Martha Thomases: Super-Hero Family Team-Up
Like much of the planet, I saw the new Guardians of the Galaxy movie this weekend. Like a smaller percentage of this group, I saw it with a friend who isn’t into super-heroes.
Let me be clear. She isn’t opposed to super-heroes. It’s just that they are not her genre.
Still, she had heard good things about it from people at her job, and she was visiting from out of town and wanted to be a good guest, and it was pouring rain and there weren’t a lot of other activities available to us, so we went.
She loved it. She was completely knocked out by it. The whole experience put her through an emotional wringer.
I don’t think she’s about to become a super-hero fan, but I think there are reasons that super-heroes reach us emotionally in ways that other genre fiction does not (and vice versa). In the process of explaining what I mean, there may be SPOILERS about this particular movie. I don’t think any will ruin your enjoyment, but I don’t know your tolerance. Be warned.
There have been a tremendous number of movies in the last few decades about fathers and sons. I blame Steven Spielberg, but I’m sure you can come up with a list of your own. And I get it. We imprint on our parents for every other relationship we have. With the increase in the divorce rate over the last several decades, as well as the stress on the family caused by income inequality (and loads of other reasons that we don’t have time for right now), lots of people feel estranged from their fathers.
Most movies that play with this issue, especially those by the aforementioned Mr. Spielberg, usually find a way to show that Daddy Really Loved You All The Time. And I hope that’s true, for Steven and for you.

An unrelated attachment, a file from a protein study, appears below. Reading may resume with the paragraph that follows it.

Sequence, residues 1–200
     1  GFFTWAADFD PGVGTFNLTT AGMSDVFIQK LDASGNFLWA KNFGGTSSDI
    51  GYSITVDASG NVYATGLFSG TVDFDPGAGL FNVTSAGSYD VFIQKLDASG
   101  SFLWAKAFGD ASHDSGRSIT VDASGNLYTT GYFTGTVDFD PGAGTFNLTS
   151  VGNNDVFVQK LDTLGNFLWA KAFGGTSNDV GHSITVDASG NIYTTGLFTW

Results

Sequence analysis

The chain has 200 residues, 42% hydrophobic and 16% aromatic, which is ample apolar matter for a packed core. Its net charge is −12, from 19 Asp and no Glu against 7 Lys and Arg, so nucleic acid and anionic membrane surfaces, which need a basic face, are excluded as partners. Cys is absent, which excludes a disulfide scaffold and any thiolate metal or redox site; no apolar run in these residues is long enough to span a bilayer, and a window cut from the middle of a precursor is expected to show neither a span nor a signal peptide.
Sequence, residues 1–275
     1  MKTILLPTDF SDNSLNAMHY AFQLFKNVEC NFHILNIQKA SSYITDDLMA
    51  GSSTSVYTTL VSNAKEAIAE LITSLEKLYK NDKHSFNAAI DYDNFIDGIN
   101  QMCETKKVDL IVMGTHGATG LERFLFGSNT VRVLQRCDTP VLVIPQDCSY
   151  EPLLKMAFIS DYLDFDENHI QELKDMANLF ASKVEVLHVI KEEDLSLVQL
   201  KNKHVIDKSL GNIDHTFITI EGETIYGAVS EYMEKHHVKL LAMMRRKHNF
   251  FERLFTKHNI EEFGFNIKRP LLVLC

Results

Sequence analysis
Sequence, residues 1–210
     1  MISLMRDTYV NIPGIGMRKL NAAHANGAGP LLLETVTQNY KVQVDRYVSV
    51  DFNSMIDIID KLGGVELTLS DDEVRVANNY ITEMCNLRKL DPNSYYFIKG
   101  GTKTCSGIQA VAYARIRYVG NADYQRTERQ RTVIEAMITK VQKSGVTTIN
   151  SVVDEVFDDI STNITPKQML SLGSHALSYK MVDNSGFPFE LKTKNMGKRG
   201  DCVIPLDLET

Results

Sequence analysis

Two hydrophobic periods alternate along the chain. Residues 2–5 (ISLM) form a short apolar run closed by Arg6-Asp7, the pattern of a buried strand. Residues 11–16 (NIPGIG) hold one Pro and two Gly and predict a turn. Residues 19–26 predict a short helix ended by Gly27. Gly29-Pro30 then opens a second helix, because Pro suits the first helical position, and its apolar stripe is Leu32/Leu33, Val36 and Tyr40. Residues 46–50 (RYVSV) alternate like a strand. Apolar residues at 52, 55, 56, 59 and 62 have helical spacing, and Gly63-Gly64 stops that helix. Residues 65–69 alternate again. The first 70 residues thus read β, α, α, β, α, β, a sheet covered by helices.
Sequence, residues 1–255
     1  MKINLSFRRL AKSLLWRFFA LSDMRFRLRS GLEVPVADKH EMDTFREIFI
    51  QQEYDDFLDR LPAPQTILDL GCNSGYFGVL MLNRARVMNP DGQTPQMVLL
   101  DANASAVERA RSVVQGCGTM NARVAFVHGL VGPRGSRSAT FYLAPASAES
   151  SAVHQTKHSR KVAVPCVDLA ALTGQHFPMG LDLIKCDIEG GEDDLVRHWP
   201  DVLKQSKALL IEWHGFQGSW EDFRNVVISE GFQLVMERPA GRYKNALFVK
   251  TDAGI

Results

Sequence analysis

But it isn’t for my friend. She had to leave home at 14, and over the next five decades her parents resisted every attempt she made at reconciliation. The only way they would accept her is if she gave up her own identity and lived the life they expected.
Like Ego, my friend’s father felt that she could do what he wanted or she could be dead.
At the same time, my friend was lucky enough to find a father figure. This man didn’t kidnap her from her home and use her to commit acts of piracy, but he found a place for her and made her feel worthwhile. She didn’t learn to command a spaceship, but she can play a wicked game of poker.
Because Guardians is a super-hero movie, there are epic space battles, exotic aliens, amazing special effects and fantastic scenery and costumes. I think these fantastic elements actually make it easier to find oneself in the story. Our inner infant feels parental abandonment and betrayal as world-destroying events. Watching worlds actually get destroyed is the ultimate catharsis.
After all the explosions, we are left with a new family. Unlike my friend’s birth family, these people choose to stay together, to love each other not despite their flaws but because of them. They take care of each other without even thinking about it, because that’s how real families work. Whether the threat is a blob monster, an unplanned pregnancy, divorce or unemployment, we find our real family through these crises. DNA doesn’t matter as much as commitment.
I don’t mean to suggest that Marvel Studios is a substitute for a good therapist, or that we can stop worrying about our kids as long as they can go to the movies. We still need to do the work. Still, I’ll take all the insight I can get, whatever the source.
I’m now waiting to see how well Wonder Woman deals with mothers and daughters. I doubt Hippolyta berates Diana about her weight as much as my mother did to me.